Alzheimer's Disease

Department of Neurology, NorthShore University HealthSystem, Glenview, IL.
Disease-a-month: DM (Impact Factor: 0.95). 12/2012; 58(12):666-677. DOI: 10.1016/j.disamonth.2012.08.008
Source: PubMed
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    • "No accepted biomarker for Alzheimer's disease exists, and this disease can only by diagnosed by brain biopsy or autopsy clinics[123]. The key issue in the current study was to improve the accuracy of clinical diagnosis of Alzheimer's disease and to improve the sensitivity of early diagnosis of this disease. "
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    ABSTRACT: 3.0T magnetic resonance spectroscopic imaging is a commonly used method in the research of brain function in Alzheimer's disease. However, the role of 7.0T high-field magnetic resonance spectroscopic imaging in brain function of Alzheimer's disease remains unclear. In this study, 7.0T magnetic resonance spectroscopy showed that in the hippocampus of Alzheimer's disease rats, the N-acetylaspartate wave crest was reduced, and the creatine and choline wave crest was elevated. This finding was further supported by hematoxylin-eosin staining, which showed a loss of hippocampal neurons and more glial cells. Moreover, electron microscopy showed neuronal shrinkage and mitochondrial rupture, and scanning electron microscopy revealed small size hippocampal synaptic vesicles, incomplete synaptic structure, and reduced number. Overall, the results revealed that 7.0T high-field nuclear magnetic resonance spectroscopy detected the lesions and functional changes in hippocampal neurons of Alzheimer's disease rats in vivo, allowing the possibility for assessing the success rate and grading of the amyloid beta (1-40) animal model of Alzheimer's disease.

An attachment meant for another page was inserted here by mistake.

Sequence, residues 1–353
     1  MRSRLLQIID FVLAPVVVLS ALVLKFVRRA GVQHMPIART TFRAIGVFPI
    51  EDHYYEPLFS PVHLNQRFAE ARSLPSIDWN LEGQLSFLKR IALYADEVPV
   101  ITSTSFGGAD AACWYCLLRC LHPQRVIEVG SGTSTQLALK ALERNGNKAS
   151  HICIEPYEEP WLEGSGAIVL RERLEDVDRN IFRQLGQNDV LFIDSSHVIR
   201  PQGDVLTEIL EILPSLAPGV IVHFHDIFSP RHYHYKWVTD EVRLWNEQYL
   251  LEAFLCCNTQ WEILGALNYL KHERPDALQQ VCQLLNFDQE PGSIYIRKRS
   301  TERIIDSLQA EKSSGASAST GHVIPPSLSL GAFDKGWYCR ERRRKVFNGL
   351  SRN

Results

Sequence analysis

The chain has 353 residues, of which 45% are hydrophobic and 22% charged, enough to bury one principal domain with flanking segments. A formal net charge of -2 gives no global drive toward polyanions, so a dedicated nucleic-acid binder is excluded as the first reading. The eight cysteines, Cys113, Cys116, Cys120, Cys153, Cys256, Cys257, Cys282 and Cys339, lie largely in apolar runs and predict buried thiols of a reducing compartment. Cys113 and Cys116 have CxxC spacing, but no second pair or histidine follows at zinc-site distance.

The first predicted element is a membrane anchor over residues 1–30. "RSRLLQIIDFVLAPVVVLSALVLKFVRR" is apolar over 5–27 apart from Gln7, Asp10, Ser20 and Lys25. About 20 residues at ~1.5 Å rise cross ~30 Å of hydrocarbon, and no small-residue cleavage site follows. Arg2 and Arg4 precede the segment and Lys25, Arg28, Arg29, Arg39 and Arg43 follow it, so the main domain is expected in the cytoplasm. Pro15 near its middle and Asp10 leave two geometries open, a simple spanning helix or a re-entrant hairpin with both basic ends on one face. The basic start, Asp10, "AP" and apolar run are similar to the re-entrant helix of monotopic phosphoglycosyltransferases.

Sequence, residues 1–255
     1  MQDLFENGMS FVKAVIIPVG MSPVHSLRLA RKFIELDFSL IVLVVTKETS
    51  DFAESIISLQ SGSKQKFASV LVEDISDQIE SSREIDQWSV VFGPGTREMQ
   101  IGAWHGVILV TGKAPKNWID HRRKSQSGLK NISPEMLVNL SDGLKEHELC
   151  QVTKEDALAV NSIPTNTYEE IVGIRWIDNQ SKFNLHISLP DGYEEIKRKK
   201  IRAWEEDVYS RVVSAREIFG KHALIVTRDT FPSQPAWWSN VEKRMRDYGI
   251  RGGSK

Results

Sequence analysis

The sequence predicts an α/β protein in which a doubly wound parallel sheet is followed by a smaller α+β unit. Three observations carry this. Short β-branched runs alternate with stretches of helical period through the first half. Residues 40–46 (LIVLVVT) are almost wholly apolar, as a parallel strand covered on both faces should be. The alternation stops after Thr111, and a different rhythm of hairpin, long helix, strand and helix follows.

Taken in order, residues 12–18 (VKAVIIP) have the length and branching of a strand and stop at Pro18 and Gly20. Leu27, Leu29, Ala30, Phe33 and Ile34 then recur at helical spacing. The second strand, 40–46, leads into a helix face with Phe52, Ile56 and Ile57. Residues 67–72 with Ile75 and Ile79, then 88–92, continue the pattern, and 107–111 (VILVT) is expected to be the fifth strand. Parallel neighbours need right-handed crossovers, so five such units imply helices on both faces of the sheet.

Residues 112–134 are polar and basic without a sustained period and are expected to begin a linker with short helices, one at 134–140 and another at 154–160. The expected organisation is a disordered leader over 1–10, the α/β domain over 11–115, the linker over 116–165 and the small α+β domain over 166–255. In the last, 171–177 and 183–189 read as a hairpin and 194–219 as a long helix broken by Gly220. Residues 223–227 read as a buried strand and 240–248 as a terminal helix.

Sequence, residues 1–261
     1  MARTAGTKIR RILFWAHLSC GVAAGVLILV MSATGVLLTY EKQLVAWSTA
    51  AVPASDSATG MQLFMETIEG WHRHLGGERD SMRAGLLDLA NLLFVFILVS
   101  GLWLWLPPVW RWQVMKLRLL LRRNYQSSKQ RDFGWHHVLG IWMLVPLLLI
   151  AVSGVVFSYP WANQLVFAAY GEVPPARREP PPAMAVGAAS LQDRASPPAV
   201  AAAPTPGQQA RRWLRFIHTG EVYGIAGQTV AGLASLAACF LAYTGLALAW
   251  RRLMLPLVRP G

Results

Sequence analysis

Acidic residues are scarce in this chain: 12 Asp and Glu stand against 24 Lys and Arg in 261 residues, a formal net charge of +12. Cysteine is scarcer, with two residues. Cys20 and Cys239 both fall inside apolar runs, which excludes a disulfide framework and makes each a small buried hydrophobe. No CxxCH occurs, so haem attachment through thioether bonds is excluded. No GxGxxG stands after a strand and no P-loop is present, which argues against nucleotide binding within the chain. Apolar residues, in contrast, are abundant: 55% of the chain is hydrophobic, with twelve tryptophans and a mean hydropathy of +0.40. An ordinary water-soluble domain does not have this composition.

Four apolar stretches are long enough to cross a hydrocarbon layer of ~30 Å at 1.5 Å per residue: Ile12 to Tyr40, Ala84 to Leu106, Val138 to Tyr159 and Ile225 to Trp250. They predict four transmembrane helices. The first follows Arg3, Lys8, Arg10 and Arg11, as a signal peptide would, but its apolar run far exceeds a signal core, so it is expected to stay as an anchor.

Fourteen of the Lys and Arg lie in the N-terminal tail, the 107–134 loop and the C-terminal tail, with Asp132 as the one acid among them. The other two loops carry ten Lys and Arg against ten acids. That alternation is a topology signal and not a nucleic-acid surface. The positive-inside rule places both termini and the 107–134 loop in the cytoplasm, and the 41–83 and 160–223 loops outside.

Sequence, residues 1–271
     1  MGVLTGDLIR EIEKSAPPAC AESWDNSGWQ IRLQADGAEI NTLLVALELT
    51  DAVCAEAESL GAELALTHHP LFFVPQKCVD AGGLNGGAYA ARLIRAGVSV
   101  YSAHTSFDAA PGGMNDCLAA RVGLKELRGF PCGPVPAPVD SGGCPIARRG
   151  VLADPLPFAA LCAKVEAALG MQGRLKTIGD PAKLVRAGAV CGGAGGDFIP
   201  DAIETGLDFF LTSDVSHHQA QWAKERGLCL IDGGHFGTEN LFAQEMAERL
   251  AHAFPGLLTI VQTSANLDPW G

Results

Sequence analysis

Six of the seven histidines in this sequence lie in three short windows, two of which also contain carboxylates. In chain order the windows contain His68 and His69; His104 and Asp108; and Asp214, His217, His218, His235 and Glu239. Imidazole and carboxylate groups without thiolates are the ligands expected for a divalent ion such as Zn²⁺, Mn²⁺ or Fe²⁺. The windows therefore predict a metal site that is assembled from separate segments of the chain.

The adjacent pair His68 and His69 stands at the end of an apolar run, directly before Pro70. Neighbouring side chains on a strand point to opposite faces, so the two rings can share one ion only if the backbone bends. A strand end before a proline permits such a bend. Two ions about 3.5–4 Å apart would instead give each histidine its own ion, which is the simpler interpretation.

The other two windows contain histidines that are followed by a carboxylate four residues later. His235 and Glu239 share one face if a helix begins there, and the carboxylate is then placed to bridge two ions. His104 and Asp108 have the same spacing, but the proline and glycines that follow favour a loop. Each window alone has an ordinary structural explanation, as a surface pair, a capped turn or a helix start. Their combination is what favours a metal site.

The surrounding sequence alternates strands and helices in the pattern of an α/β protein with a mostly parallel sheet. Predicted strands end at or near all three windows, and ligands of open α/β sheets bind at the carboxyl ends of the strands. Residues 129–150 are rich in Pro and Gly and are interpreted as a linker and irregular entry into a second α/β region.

Neural Regeneration Research 02/2014; 9(4):430-5. DOI:10.4103/1673-5374.128255 · 0.22 Impact Factor
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    ABSTRACT: Recent studies suggest that the toxic effects of Aβ can be attributed to its capability to insert in membranes and form pore-like structures, which are permeable to cations and molecules such as ATP. Our working hypothesis is that Aβ increases extracellular ATP causing activation of P2X receptors and potentiating excitatory synaptic activity. We found that soluble oligomers of β-amyloid peptide increased cytosolic Ca2+ 4-fold above control (415±28% of control). Also, ATP leakage (157±10% of control) was independent of extracellular Ca2+, suggesting that ATP traveled from the cytosol through an Aβ pore-mediated efflux and not from exocytotic mechanisms. The subsequent activation of P2XR by ATP can contribute to the cytosolic Ca2+ increase observed with Aβ. Additionally, we found that β-amyloid oligomers bind preferentially to excitatory neurons inducing an increase in excitatory synaptic current frequency (248.1±32.7%) that was blocked by the use of P2XR antagonists such as PPADS (Aβ+PPADS: 110.9±18.35%) or Apyrase plus DPCPX (Aβ+inhibitors: 98.97±17.4%). Taken together, we suggest that Aβ induces excitotoxicity by binding preferentially to excitatory neuron membranes forming a non-selective pore and by increasing intracellular calcium by itself and through P2XR activation by extracellular ATP leading to an augmention in mEPSC activity. All these effects were blocked with a non-specific P2XR antagonist, indicating that part of the neurotoxicity of Aβ is mediated by P2XR activation and facilitation of excitatory neurotransmitter release. These findings suggest that P2XR can be considered as a potential new target for the development of drugs or pharmacological tools to treat Alzheimer's disease. Copyright © 2015. Published by Elsevier Ltd.
    Neuropharmacology 04/2015; 100. DOI:10.1016/j.neuropharm.2015.04.005 · 5.11 Impact Factor

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